MADISON, Wis. (AP) — The legislative session started Monday with Republican leaders promising swift passage of a bill to reform Wisconsin's mining law and calls for more bipartisanship and a healing of wounds after a bruising fight over collective bargaining led to a series of recall elections.
While Republicans can largely do as they wish with control of the Senate and Assembly, Republican Gov. Scott Walker has called for a less contentious agenda focusing on job creation and avoiding hot-button issues that could spur massive protests like those seen when he went after public unions in 2011.
At least one potential fight already appears to have been diverted. Republican Assembly Speaker Robin Vos said he would not allow a vote on making Wisconsin a right-to-work state, as was done last month in Michigan. Many Democrats and union supporters feared that would be the next step in Wisconsin following passage of the 2011 law that effectively ending collective bargaining for public workers.
"Hopefully we can leave the contentious issues of the past behind us," Vos said in detailing his hope to focus on job creation, improving education, passing a balanced budget and cutting income taxes. "We don't need every single issue bringing 100,000 protesters to Madison."
Yet Vos would not rule out tackling divisive issues, such as eliminating same-day voter registration, replacing the state's elections board with political appointees and changing how Wisconsin allocates Electoral College votes.
"I want to take a look at every single idea," he said.
The top priority for the session will be passage of a new, two-year state budget. Walker is expected to deliver his State of the State speech next week, followed by the release of his budget in February. Debate of that two-year spending plan likely will dominate the Legislature through June.
Republican leaders said they also plan to push ahead with a mining bill that could be introduced as soon as next week, with hearings later this month and a vote in March.
The Legislature could not reach agreement on a mining proposal last year after moderate Republican Sen. Dale Schultz blocked a bill that cleared the GOP-controlled Assembly. Gogebic Taconite of Hurley had been lobbying for the bill, saying it would make it easier for the company to open a $1.5 billion iron ore mine in the Penokee Hills near Ashland, creating as many as 700 jobs in an economically depressed part of the state.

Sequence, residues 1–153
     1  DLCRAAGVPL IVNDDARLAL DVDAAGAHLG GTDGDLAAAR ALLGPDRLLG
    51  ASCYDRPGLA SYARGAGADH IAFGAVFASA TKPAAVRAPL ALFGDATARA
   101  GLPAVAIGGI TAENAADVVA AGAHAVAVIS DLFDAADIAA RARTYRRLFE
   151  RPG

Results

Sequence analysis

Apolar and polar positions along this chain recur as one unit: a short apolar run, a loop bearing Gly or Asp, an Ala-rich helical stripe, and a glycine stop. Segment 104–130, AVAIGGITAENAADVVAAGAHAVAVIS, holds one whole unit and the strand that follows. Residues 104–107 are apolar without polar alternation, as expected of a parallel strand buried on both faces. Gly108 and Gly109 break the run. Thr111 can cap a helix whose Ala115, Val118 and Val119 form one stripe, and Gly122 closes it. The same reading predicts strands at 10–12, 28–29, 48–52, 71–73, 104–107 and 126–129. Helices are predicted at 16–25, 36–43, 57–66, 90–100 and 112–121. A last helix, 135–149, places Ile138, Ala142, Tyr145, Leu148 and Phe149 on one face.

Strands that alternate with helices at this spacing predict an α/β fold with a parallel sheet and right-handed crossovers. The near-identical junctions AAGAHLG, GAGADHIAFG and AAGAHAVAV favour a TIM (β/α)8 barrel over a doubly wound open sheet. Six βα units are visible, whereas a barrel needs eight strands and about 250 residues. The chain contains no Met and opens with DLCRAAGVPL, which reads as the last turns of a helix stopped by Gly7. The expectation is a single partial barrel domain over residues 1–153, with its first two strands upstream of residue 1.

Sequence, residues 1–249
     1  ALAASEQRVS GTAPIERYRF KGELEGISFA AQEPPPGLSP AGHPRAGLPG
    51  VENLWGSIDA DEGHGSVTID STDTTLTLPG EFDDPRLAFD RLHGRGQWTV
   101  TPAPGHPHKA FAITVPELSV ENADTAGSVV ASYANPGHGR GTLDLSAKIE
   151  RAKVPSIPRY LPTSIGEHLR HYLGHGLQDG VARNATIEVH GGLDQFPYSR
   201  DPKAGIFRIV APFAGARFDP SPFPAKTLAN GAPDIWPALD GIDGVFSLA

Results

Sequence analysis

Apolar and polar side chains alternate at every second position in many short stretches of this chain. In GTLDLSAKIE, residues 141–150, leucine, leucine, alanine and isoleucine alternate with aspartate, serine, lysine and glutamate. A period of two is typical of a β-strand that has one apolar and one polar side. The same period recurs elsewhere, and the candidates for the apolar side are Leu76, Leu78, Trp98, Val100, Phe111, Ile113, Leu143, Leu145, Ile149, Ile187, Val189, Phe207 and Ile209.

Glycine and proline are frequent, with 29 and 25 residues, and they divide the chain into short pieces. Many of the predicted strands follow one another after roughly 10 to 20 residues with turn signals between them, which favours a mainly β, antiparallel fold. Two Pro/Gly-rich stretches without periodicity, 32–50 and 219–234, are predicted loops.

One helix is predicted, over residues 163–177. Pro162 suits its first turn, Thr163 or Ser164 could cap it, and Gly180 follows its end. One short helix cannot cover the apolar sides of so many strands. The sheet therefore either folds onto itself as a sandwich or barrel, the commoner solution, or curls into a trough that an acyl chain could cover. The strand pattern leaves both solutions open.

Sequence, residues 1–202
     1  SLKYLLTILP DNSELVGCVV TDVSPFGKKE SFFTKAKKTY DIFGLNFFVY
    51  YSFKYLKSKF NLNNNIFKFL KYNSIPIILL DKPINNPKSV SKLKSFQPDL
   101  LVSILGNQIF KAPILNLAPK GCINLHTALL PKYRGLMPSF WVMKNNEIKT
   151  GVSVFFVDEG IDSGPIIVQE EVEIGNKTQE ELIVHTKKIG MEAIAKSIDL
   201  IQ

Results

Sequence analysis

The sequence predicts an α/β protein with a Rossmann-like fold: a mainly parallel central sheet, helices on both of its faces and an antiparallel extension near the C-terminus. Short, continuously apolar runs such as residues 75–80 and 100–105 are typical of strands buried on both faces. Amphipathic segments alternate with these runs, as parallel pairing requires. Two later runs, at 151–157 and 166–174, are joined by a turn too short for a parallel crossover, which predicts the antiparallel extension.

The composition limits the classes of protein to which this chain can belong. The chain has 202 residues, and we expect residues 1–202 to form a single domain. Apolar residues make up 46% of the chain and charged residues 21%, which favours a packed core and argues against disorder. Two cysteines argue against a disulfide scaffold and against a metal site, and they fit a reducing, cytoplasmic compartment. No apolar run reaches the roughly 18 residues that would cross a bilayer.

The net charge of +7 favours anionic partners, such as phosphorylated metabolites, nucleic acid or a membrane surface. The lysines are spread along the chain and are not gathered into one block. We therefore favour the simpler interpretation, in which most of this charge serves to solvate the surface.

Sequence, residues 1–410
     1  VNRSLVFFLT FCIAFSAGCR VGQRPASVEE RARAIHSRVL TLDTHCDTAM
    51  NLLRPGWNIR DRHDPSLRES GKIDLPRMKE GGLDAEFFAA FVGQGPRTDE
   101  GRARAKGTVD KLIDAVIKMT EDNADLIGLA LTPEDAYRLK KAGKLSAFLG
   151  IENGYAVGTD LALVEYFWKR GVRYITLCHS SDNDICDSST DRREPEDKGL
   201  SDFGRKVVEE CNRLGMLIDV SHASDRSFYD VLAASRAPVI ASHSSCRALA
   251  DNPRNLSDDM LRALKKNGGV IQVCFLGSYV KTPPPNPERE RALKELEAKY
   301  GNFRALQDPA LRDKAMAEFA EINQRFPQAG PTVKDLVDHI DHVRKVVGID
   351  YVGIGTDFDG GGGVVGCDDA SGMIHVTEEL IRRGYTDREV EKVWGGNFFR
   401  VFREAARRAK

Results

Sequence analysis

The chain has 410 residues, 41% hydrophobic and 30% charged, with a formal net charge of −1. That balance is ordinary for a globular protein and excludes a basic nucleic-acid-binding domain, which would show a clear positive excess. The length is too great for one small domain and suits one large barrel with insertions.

Environmentalists fear the mine would devastate one of the state's most pristine regions near Lake Superior.
Passage of the bill is more likely this year after Republicans widened their majority in the Senate from 17-16 to 18-15 in the November election. Republicans have a 59-39 advantage in the Assembly.
Democratic Senate Minority Leader Chris Larson said he hoped Republicans would propose a mining bill similar to a version that Democrats supported.
"Just because they have the votes doesn't mean it's going to work," Larson said.
Republican Senate Majority Leader Scott Fitzgerald wouldn't go into details on the latest version of the bill, saying only that he wants environmentally sound changes that will attract mining companies to Wisconsin. He acknowledged that whatever passes will likely end up in court.
While the mining debate loomed, Monday's activities focused mostly on the swearing in of 98 Assembly members, including 25 new to the post, and three new senators.
Seven former speakers of the Assembly and Republican National Committee Chairman Reince Priebus showed up to watch Vos take office as speaker. He is replacing Jeff Fitzgerald, who did not seek re-election to the Assembly in November.
Vos said he was confident Republicans and Democrats could work together to pass a mining bill, cut income taxes, review state regulations and improve schools. Vos thanked his sixth grade teacher Barbara Scherrer, who attended the ceremony and sat next to his parents, for helping inspire him to pursue a life in politics.
In the Senate, state Supreme Court Justice Pat Roggensack administered the oath to 16 senators who won election in November, including Republican freshmen Tom Tiffany and Rick Gudex and Democratic freshman Nikiya Harris.
The Senate unanimously named Scott Fitzgerald as majority leader, Republican Mike Ellis as Senate president and Larson as minority leader.
While Fitzgerald called on senators to "transcend" bitterness lingering from the last two-year session, when anger over Walker's collective bargaining proposal spurred all 14 Senate Democrats to flee to Illinois for three weeks, Larson used his address to criticize Republicans for what he called extremist proposals and dismal job creation.
The Assembly planned to meet again Thursday, possibly to vote on its rules of procedure. Vos said more details would be released after leaders in both parties met Tuesday, but he said one of the goals was to cut down on all-night Assembly meetings.
Assembly Minority Leader Peter Barca said Republicans were floating a dozen rule change ideas, eight of which Democrats could get behind but another four that he said threatened to destroy free and open debate. Barca wouldn't go into more detail before Tuesday's meeting.
Associated Press writer Todd Richmond contributed to this report.
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